The Wallachian coinage started to spread toward the territories of Dobrudja since the early 1370, first, as a consequence of the involvement the newly established principality in the great international trade thriving in the area of the mouths of the Danube and along the western shores of the Black Sea. During the first part of the reign of Mircea the Elder (1386-1397) the diffusion of the Wallachian coinage toward Dobrudja has reached its climax, largely, driven by the political and military involvement of the principality in the region. Large parts of the province, if not the entire region was annexed to Wallachia and Mircea the Elder styled himself as: "Lord of Dârstar" (i.e. of the town of Silistra), "Despot of the Lands of Dobrotitzas", and “Master of both shores of the Danube, until the Country of the Tartars". A large number of hoards consisting of huge quantities of pre-reformed issues of Mircea the Elder, as well as single finds were found all across Dobrudja. However, one could remark quite important concentrations of such finds in some peculiar areas, such as: Isaccea (Tulcea County), near the most important Danubian ford in the northern part of the region, in the area of Enisala (Tulcea County), once on the Black Sea coast, in the area of Silistra (Bulgaria), another major Danubian ford and Kaliakra (Bulgaria), a strategic port on the Black Sea, in southern Dobrudja. Due the difficulties in dating the pre-reformed coinage of Mircea the Elder the historical interpretation of these large number of coin finds is not easy. However, there is a certain evidence that some of the hoards uncovered in the area of Silistra were concealed during the fights against the Ottomans in 1393 or soon after, and other hoards were hidden during the civil war between Mircea the Elder and Vlad I (1394-1396).
Anyway, the concealing, all across Dobrudja, of a large number of hoards consisting in pre-reformed issues of Mircea the Elder, during the last decade of the 14th century witness that the region underwent a very troubled political and military situation, due to the continuous fights between the Wallachian and the Ottoman troops, the passage of large groups of Tartars from the Golden Horde, flying in face of Tamerlane and the Genoese, trying to take territorial advantages for their own. Quite likely, the situation did not improved too much neither after 1402, when the Ottoman power collapsed for almost a decade after the disaster afflicted by Tamerlane, in spite of the long term involvement of Mircea the Elder in the civil war confronting the sons of Bayezid I. In spite of the reestablishment of the Wallachian political and military control over the region, after the battle of Ankara, the territories of Dobrudja suffered a long term devastation and were left largely deserted after these series of military confrontations during the end of the 14th and early 15th century. The sharp decline of the economic and demographic situation in Dobrudja, especially in the northern part of the region, at the turn of 15th century is clearly put in evidence by the very limited level of the spread fresh currency in the region and the shrinking of the monetary economy. Except the area of Kaliakra, very few early Ottoman coins (from Murad I, Bayezid I, Emir Süleyman, Musa Çelebi or Mehmed I) are so far mentioned in Dobrudja, both in hoards, as well as in single finds. Also, there are no single finds of Mircea the Elder reformed coins, as well as Hungarian or Golden Horde issues. Quite likely, the largest part of the everyday currency used in Dobrudja during the first decade of the 15th century was provided by the copper anonymous issues of Silistra type, struck in large quantities by the local authorities, under the aegis of the Wallachian administration.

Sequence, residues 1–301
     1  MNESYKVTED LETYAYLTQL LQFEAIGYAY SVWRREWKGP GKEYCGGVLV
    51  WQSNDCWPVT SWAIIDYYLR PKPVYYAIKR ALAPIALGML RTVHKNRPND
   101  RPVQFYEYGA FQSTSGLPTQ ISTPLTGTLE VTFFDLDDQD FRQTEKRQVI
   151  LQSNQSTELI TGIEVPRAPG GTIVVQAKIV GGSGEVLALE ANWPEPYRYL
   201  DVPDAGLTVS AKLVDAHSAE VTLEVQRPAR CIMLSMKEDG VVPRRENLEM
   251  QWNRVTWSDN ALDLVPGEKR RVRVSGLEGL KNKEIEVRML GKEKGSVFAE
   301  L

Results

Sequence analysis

As proven by the presence of the ducats belonging to the 4th reformed coinage of Mircea the Elder in the Constantza/1938 and Cocoş Monastery hoards, the influx of the Wallachian coinage toward Dobrudja was retaken, on a very modest scale, only during the second half of the 1410.
In spite of its modest appearance, the hoard found in 1938 at Constantza is one of the most important medieval documents regarding the human occupation in the area of the Roman-Byzantine city of Tomis. It witness the existence of a settlement at the beginning of 15th century in the area near the ancient northern and eastern city walls, next to a small bay (today Tomis tourist harbour), quite likely called Costanza on the Italian nautical maps.
|Titlul volumului de apariție|
|Editura||Publicat de: Muzeul Naţional de Istorie a României|